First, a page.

Most devices accessing the Internal Revenue Service’s internal network using wireless connections and virtual private networks weren’t authenticated, according to an audit.
The Internal Revenue Service failed to authenticate tens of thousands of devices connecting to the agency’s internal network through wireless connections or virtual private networks during a recent audit.
The Inspector General for the Treasury Department audit described cracks in the authentication process used for accessing the internal IRS network. None of the devices used to make 26,237 network connections via virtual private networks were authenticated. Another 92% of devices using a wireless connection also were not authenticated, while 3% were authenticated with a password rather than the preferred certificate method.
These measures came from a sample activity log covering one day of authentication using the Identity Services Engine. Over 104,000 network accesses were made via wired connections, the vast majority of which were verified using certificate-based authentication. But more than 31,000 non-wired accesses were made on devices lacking certificate authentication.
“Without properly authenticating all devices, the IRS does not have adequate controls to ensure that only authorized devices are allowed access to its internal network and taxpayer data may be at risk,” the report reads.
The inspector general recommends IRS implement certificate-based authentication across all devices regardless of connection type, develop a plan to reduce the number of devices authenticated with a less-secure protocol and ensure Unified Access project is following the predetermined development methodology appropriately.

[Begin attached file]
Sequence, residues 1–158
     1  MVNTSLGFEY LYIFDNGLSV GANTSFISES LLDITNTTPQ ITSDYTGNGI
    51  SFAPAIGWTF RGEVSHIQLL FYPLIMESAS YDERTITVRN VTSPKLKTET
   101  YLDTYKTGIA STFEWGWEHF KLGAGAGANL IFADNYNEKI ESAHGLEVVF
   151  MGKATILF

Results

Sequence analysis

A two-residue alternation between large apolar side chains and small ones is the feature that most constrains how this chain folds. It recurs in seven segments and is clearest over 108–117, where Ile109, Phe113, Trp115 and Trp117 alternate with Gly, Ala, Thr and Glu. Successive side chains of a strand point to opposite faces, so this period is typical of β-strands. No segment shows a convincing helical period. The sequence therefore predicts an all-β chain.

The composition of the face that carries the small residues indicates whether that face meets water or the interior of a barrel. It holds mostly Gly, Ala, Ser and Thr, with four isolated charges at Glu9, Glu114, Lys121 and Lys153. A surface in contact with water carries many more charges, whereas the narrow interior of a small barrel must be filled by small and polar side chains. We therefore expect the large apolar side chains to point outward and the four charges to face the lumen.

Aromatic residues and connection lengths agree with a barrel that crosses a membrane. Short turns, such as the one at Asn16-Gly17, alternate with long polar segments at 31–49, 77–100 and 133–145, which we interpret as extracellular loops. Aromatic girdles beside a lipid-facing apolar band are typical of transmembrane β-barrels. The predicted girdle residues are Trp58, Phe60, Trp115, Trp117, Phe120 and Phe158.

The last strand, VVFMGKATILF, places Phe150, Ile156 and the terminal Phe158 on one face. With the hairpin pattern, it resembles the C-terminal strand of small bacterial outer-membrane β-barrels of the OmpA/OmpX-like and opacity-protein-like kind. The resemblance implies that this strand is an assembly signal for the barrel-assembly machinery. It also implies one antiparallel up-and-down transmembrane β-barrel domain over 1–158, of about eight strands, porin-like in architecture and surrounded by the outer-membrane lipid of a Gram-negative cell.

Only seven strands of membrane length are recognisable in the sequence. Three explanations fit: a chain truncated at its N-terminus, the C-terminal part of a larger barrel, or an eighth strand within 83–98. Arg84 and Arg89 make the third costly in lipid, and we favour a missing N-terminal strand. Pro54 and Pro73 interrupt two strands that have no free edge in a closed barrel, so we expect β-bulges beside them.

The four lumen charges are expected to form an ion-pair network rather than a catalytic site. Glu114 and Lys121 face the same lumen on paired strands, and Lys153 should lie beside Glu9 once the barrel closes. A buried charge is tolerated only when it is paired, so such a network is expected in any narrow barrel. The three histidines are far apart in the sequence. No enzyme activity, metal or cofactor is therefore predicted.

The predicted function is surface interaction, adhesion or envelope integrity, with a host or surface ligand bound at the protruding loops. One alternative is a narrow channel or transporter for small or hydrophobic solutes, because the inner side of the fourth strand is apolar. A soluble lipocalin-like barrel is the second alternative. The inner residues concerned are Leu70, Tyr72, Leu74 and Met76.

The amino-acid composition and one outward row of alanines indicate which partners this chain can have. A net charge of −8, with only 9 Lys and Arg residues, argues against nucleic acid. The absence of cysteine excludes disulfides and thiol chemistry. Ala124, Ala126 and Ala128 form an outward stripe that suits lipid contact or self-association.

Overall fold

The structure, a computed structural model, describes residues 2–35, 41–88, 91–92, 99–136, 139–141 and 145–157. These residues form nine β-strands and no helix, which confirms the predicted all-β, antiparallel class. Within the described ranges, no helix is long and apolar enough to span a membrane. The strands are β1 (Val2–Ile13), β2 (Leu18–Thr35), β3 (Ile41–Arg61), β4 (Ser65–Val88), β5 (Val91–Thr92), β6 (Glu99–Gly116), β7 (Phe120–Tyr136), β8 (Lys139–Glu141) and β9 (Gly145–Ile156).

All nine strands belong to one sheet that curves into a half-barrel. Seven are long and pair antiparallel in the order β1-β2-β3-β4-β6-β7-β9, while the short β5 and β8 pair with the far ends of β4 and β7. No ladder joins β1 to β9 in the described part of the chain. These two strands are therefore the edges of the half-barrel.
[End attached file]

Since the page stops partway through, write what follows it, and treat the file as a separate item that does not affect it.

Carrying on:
The agency concurred with each point. According to a July 16 memorandum from IRS acting Chief Information Officer Nancy Sieger, which was attached to the audit, IRS implementation will begin as early as February 2021.
Work on certifying devices using wireless connections is already underway. That is the piece of the puzzle set for implementation in February. But in order to implement certificate-based authentication for devices connecting over a VPN, IRS needs funding. The memo posits IRS will be able to ensure VPN device authentication by February 2022 should it receive the needed funds.
The other two recommendations indicate IRS should develop a plan to phase out devices that use a less secure authentication protocol, called Media Access Control Authentication Bypass, as well as course correct the Unified Access project to adhere to the appropriate development methodologies.
The UA project is an IT security initiative that protects the network, assets and taxpayer data, according to the memo. The audit found development of the project isn’t following the Enterprise Life Cycle methodology. The ELC standard defines a software development path for commercial off-the-shelf solutions.
“We are committed to implementing the corrective actions that will strengthen device authentication and completing all Enterprise Life Cycle required artifacts,” Sieger wrote in the memo.
NEXT STORY: Commerce Expands Restrictions on Huawei